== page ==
World View: New Sectarian Bombings Kill 86 in Baghdad, Iraq

World View: New Sectarian Bombings Kill 86 in Baghdad, Iraq

This morning’s key headlines from

  • New sectarian bombings kill 86 in Baghdad, Iraq
  • Obama, under international pressure, may be forced to back down on Syria

New sectarian bombings kill 86 in Baghdad, Iraq

Car wreckage in Sadr City on Wednesday
Car wreckage in Sadr City on Wednesday

A series of car bombings and some gunfight attacks across Baghdad, inmostly Shia areas, on Wednesday killed 86 people and wounded 263. Thenumbers of these casualties from these attacks have been increasingsteadily every month, reaching over 1,000 deaths in July, ever sinceAmerican forces withdrew from Iraq in December, 2011, fulfilling acampaign promise by President Barack Obama. The conflict in Syria hasinflamed the entire region, including Iraq, but Iraq is by far theworst hit country outside of Syria itself. BBC andReuters

Obama, under international pressure, may be forced to back down on Syria

Britain’s prime minister David Cameron has been forced to delayconsideration of Britain’s participation in military intervention inSyria because of deep public opposition. U.N. Secretary-General BanKi-Moon called for delays, and U.N./Arab League peace envoy LakhdarBrahimi said that any military action would be illegal withoutSecurity Council approval.

President Barack Obama said on Wednesday that no decision hadbeen made yet, despite very sharp rhetoric that implies thatsome military action is required:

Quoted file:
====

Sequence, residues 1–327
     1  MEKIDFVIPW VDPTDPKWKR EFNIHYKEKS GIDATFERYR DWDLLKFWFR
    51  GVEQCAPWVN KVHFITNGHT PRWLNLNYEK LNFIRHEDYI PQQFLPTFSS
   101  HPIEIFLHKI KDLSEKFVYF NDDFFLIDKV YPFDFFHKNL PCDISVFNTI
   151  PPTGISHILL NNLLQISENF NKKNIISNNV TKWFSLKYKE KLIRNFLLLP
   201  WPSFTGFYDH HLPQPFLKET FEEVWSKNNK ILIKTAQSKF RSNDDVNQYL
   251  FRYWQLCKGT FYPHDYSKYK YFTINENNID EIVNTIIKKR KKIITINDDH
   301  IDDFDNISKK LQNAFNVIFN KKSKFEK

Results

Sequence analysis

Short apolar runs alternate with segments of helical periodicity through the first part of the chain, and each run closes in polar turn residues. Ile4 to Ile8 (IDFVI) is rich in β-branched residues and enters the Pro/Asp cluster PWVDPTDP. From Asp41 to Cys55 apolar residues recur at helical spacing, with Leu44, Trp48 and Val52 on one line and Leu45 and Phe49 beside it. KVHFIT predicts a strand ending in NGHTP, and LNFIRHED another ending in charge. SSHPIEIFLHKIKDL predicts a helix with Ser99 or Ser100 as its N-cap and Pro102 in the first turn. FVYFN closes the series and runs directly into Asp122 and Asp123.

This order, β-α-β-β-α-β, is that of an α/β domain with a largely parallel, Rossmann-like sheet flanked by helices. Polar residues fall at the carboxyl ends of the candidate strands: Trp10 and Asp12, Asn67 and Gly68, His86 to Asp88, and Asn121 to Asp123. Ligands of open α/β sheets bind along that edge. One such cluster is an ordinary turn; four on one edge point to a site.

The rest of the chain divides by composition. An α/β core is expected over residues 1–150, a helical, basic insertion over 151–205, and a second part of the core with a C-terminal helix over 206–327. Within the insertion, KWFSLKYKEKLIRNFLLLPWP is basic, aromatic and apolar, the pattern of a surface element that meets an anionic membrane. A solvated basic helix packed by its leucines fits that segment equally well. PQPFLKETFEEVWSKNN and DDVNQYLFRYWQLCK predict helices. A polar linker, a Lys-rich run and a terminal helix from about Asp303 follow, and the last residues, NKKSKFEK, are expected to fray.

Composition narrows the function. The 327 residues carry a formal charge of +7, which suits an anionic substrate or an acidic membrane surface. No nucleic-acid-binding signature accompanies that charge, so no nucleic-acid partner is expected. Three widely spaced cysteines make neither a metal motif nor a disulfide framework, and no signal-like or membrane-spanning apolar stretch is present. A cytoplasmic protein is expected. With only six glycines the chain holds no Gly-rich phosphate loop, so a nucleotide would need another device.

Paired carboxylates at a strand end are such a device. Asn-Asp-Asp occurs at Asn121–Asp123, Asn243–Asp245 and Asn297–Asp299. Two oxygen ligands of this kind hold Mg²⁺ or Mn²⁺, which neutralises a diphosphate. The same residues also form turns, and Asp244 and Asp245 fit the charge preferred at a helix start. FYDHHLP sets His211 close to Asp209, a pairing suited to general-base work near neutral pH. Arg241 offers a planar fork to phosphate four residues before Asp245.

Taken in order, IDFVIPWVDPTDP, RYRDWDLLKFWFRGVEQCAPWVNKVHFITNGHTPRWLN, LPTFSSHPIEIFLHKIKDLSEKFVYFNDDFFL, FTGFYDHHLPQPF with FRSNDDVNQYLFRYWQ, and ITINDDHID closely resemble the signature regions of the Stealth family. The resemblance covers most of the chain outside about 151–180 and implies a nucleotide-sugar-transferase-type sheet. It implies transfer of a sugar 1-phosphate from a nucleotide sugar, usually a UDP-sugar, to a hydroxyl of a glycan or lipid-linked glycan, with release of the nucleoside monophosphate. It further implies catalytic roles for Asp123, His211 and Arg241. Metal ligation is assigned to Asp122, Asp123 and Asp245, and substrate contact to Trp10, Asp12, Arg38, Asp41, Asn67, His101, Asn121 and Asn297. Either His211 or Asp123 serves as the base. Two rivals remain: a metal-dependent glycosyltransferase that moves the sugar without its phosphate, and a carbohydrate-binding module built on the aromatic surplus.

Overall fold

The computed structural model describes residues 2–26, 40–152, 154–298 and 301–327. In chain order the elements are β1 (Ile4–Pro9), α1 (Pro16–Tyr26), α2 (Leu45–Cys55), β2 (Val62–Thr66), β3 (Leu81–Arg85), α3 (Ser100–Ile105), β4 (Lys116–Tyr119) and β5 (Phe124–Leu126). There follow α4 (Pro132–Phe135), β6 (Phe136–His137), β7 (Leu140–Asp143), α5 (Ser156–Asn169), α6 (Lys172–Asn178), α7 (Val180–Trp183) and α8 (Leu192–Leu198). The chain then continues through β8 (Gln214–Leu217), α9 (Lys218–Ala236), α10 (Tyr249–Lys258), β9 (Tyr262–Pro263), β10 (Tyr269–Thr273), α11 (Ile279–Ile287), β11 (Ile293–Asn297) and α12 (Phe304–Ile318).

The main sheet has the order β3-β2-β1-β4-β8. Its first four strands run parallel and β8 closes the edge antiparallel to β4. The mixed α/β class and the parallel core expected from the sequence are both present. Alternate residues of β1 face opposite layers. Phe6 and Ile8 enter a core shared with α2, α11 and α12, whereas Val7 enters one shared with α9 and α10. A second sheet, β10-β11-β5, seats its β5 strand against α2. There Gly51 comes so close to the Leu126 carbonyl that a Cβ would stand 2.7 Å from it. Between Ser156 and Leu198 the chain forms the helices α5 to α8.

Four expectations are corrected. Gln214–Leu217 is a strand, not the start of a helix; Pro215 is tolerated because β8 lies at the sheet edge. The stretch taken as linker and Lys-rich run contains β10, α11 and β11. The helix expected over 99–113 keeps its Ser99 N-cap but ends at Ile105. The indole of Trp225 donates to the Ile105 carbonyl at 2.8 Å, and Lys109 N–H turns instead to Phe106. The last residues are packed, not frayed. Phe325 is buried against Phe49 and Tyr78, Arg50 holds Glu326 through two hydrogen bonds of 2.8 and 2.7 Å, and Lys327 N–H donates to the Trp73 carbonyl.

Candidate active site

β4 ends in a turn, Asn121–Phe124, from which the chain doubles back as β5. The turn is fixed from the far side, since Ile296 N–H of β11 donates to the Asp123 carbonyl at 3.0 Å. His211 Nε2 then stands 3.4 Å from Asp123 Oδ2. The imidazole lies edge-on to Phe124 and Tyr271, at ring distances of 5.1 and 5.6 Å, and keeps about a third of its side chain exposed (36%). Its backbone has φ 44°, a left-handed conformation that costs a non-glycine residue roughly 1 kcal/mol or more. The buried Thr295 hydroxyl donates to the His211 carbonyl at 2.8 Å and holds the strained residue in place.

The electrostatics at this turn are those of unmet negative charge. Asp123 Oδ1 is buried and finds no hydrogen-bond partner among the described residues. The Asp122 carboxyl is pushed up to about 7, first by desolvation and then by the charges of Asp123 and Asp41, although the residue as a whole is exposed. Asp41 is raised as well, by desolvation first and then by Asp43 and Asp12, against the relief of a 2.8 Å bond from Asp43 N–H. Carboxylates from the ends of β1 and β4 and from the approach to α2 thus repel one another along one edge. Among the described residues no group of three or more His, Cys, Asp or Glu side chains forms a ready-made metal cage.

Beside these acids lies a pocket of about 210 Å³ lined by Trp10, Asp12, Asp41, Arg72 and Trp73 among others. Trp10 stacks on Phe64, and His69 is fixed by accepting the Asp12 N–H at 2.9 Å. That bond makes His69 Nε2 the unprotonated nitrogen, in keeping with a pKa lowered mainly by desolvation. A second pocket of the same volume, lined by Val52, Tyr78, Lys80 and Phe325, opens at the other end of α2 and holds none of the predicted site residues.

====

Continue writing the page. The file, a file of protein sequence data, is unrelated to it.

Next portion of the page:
“I have not made a decision. I have gotten optionsfrom our military, had extensive discussions with my nationalsecurity team.”

I have not made a decision, but I think it’s important that if, infact, we make a choice to have repercussions for the use ofchemical weapons, then the Assad regime, which is involved in acivil war, trying to protect itself, will have received a prettystrong signal that in fact, it better not do it again. And thatdoesn’t solve all the problems inside of Syria, and you know, itdoesn’t, obviously, end the death of innocent civilians inside ofSyria.

We have looked at all the evidence, and we do not believe theopposition possessed nuclear weapons on — or chemical weapons ofthat sort. We do not believe that, given the delivery systems,using rockets, that the opposition could have carried out theseattacks. We have concluded that the Syrian government in factcarried these out. And if that’s so, then there need to beinternational consequences,

We do have to make sure that when countries break internationalnorms on weapons like chemical weapons that could threaten us,that they are held accountable.”

Many analysts and politicians, including a number of Democrats, areexpressing concern that when President Obama talks about “a prettystrong signal,” that he’s planning to just lob a few missiles intoSyria, leaving Syria’s president Bashar al-Assad to declare himself ahero for having survived an American attack.

During the 2007-08 presidential election campaign, both Barack Obamaand Joe Biden were vitriolically critical of President George Bush,and Biden even said that he might call for Bush’s impeachment. Butnow Obama and Biden are doing exactly the things that they criticizedBush for, suggesting that they’re naively stumbling from one foreignpolicy action to the next, based on the latest poll results, with nounderlying principles, and no clue what’s going on in the world.

Others are suggesting that the apparent uncertainty and confusion inthe administration is simply a ploy to mislead the Syrians andRussians, so they’ll be unprepared for a planned surprise attack.We’ll see. BBC and CNN

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